Food prices rose 9% in April as inflation continues to hurt consumers

The HICP index shows that annual inflation in April stood at 5.4%, an increase of almost one point over March

Bread prices drove the food index up in April
Bread prices drove the food index up in April

Food prices increased by a whopping 9% in April when compared to 12 months earlier as overall inflation continued to bite hard, official figures show.

Overall annual inflation in April stood at 5.4%, increasing by almost one point over March, the Harmonised Index for Consumer Prices released by the National Statistics Office shows. In March, annual inflation stood at 4.5%.

The price of bread was a main contributor to higher food prices, the NSO said.

Commodity prices like wheat and grains have shot up in the wake of Russia’s invasion of Ukraine.

While food and non-alcoholic beverages continued to be the main driver of inflation, this was followed by the housing, water, electricity, gas and other fuels index, which experienced an annual inflation of 8.6%. With the prices of water, electricity, gas and fuels remaining stable, the index was driven by higher housing maintenance costs.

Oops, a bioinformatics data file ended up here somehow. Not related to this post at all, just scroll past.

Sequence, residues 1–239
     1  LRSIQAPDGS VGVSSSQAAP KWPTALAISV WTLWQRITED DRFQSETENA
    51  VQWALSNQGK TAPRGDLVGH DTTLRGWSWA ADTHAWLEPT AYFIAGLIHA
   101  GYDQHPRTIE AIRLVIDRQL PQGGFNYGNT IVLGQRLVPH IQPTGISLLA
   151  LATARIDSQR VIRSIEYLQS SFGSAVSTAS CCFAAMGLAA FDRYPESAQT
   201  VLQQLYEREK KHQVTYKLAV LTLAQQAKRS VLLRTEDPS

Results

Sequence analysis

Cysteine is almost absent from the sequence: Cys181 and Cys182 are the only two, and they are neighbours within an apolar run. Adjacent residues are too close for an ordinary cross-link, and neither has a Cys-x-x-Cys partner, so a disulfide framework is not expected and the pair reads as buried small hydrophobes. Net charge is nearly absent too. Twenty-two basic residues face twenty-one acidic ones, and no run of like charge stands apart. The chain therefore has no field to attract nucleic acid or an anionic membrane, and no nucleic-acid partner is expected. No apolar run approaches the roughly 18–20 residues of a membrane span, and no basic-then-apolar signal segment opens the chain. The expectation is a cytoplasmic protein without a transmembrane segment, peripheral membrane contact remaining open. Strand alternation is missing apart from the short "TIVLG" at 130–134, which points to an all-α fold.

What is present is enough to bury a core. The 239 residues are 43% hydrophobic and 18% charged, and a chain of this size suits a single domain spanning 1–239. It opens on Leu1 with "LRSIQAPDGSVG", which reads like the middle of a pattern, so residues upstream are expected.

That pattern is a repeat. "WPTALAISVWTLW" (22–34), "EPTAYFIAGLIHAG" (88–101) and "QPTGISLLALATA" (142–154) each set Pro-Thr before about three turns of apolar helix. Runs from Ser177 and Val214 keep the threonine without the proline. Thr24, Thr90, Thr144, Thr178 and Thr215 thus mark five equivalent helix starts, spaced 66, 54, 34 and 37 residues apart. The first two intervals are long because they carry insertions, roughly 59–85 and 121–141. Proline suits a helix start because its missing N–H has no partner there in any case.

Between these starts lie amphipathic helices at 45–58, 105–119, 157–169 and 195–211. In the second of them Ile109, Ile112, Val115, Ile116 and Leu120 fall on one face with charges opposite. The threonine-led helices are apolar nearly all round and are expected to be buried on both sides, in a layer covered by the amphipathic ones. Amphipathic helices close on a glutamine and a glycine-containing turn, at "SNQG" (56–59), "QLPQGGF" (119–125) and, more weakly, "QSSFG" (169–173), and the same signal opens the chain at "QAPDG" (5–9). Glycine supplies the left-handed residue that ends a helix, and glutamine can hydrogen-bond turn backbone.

Prices for recreation and culture increased by 7% in April when compared to the previous year.

The communication index was the only one to experience a decrease (-1.8%) in annual inflation in April.

The HICP measures monthly price changes in the cost of purchasing a representative basket of consumer goods and services. It is calculated according to rules developed by Eurostat and is used to compare inflation rates across the EU. Although HICP measures price movements just like the Retail Price Index, the two differ in their methodology. The RPI is used to calculate the Cost of Living Adjustment wage increase.

Inflation is hurting consumers and eroding their purchasing power. Prices had started to rise towards the end of last year on the back of a post-COVID recovery that saw growing demand unable to be met because of supply chain disruptions.

However, the Russian invasion of Ukraine towards the end of February and sanctions against Russia, have disrupted energy, mineral and food markets, causing prices to rise further.